Dr Andreas Lemme of Evonik-Degussa in Germany reported three experiments in which turkeys diets were supplemented with guanidino acetic acid (GAA; CreAmino). He explained that GAA is the natural precursor of creatine in the metabolism of many animals, including poultry. Creatine and GAA are found in animal products but it has been hypothesised that they may be limiting turkey performance in today's all-vegetable diets.

Summarising the experiments he presented, Dr Lemme said that the results indicate supplemental GAA is effective in turkey nutrition, confirming previous findings in broilers. The most consistently improved parameter was feed conversion, implying that GAA improves the utilisation of dietary nutrients, and possibly that GAA has its effect by stimulating energy metabolism through creatine.

Efficacy of organic minerals in turkey diets

In opening his presentation, Dr Curtis Novak of Land O'Lakes Purina Feeds in Kansas City, USA, said that trace mineral nutrition of turkeys has been largely neglected in the last 20 or more years, yet modern turkeys are very different from their predecessors of previous decades. He highlighted that breeding companies and commercial turkey producers tend to use higher levels of manganese, zinc, iron, copper and selenium than those given in earlier reference sources, including the NRC requirements published in 1994. Furthermore, feed formulations have changed over the years and new feed additives, such as phytase, commonly used in modern diets were unheard of when the so-called 'book requirements' were set.

Little work has been done with turkeys, he explained. However, he noted that supplementing a breeder diet with zinc methionine improved the immune function of the progeny compared to zinc sulphate, and progeny tibia weight and bone zinc content were higher than with zinc oxide. Furthermore, T-cell activity (a measure of immune function) was improved when zinc was supplemented in the diet as the methionine complex compared with zinc sulphate.

Dr Novak concluded that the use of organic minerals are good sources of these nutrients, and that they could be used commercially to reduce reliance on inorganic minerals, while maintaining performance, increasing immune function and protecting the environment by reducing the excretion of trace minerals.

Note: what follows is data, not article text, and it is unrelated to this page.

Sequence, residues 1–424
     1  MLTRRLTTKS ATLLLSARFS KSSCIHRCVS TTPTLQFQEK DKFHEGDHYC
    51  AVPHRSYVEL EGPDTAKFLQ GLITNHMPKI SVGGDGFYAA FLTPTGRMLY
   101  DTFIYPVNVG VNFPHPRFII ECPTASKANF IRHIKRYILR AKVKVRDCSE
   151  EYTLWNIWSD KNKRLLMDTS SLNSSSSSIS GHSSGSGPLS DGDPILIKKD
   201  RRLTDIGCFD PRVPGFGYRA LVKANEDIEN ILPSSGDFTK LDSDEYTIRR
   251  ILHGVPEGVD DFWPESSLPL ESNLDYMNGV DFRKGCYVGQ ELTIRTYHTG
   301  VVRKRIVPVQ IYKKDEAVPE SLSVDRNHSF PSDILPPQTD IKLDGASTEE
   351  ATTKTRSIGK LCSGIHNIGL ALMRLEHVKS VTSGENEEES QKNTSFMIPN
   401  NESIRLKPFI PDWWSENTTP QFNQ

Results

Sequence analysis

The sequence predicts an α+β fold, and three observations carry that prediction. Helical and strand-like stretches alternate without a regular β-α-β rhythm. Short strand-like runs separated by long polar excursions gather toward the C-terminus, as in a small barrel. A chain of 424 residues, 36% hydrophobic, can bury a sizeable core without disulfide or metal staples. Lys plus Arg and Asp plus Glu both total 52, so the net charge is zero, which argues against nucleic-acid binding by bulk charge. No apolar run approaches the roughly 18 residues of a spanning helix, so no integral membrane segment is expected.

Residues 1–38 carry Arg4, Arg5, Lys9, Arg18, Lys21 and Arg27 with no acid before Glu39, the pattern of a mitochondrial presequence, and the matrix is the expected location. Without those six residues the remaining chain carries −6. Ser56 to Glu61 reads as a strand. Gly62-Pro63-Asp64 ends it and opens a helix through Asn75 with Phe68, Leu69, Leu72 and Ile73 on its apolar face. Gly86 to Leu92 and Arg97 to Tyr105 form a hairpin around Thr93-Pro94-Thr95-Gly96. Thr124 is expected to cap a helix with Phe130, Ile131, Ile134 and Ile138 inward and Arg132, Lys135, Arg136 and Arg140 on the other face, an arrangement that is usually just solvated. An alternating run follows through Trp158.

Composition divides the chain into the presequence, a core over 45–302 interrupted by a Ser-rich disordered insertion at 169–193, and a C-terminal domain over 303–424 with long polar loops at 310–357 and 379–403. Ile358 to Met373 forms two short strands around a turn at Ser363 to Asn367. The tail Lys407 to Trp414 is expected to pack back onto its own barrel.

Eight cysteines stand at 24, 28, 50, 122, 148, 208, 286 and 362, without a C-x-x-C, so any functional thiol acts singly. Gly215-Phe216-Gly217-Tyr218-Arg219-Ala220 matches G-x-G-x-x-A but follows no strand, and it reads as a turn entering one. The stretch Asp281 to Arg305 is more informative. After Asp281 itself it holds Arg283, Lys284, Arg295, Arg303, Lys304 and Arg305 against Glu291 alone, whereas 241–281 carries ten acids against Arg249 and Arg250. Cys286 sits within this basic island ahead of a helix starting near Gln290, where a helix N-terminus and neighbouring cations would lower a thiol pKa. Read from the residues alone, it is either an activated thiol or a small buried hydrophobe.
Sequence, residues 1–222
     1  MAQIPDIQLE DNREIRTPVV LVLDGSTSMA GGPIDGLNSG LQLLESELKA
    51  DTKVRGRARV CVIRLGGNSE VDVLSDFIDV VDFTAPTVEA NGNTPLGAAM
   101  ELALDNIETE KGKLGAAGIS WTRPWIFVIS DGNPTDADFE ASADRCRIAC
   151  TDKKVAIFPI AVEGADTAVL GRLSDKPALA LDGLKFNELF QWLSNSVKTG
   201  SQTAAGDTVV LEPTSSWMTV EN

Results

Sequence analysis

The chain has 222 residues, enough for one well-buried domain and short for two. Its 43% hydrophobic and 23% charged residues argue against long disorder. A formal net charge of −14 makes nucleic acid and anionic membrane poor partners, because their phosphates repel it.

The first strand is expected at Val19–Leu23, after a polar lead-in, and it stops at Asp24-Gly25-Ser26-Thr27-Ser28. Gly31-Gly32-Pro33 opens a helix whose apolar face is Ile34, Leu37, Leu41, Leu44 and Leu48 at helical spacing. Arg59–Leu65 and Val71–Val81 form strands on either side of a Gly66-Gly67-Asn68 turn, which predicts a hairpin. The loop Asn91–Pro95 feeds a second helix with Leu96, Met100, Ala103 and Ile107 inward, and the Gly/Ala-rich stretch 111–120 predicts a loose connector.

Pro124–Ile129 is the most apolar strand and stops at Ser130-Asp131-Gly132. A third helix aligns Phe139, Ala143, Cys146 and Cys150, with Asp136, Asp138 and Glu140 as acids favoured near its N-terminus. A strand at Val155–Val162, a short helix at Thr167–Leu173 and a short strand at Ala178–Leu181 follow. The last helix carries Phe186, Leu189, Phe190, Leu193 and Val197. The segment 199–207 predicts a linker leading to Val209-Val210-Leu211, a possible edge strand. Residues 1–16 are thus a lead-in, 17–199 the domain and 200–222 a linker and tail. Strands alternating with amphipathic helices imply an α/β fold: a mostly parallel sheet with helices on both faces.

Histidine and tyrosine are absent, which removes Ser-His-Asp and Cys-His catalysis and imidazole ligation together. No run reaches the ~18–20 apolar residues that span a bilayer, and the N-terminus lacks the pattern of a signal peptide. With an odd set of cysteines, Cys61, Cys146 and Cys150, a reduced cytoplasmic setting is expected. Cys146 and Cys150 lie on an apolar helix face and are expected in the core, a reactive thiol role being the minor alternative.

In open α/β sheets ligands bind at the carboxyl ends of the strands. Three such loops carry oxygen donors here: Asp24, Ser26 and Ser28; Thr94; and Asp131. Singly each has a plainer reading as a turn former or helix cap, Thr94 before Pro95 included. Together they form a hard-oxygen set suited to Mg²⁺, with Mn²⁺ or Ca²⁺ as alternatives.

Role of mycotoxins in causing leg weakness

In a review paper, Andrew Robertson of Biomin summarised the effects of the various groups of mycotoxins, citing several examples of the effects of these toxins on the general health of turkeys and on leg problems in particular.

He highlighted particularly that tibial dyschondroplasia, articular gout, rickets and deficiencies of calcium and phosphorus are very real consequences of mycotoxin contamination of the diet. The potential for problems is further increased by the combined effects of multiple mycotoxins – as often found in practice – and the possibility of indirect effects on immune suppression.

Mr Robertson emphasised the need to minimise fungal infections and the development of mycotoxins at all stages of production from field to feed trough. He added that the combination of mycotoxin binders plus bio-transformation along with bio-protection through plant and algal extracts, for immune stimulation and liver protection, give the most complete security for the protection of turkeys against leg weakness caused by mycotoxins.

Amino acid digestibilities in feed ingredients for turkeys

As with the previous speakers, Dr Ariane Helmbrecht commented that while ileal amino acid digestibilities in feed ingredients for broiler feeds have been extensively investigated, there have been few studies in turkeys. At this conference, she reported her work with researchers at the University of Warmia and Mazury in Poland. They used four-week-old male turkeys and assessed the ileal digestibility of amino acids in soybean meal, peas, yellow lupins, rapeseed meal and sunflower meal.

From the results, she concluded that there are some significant differences in ileal amino acid digestibility between the two species, and so it is not appropriate to extrapolate values obtained in broilers to turkeys.

May 2010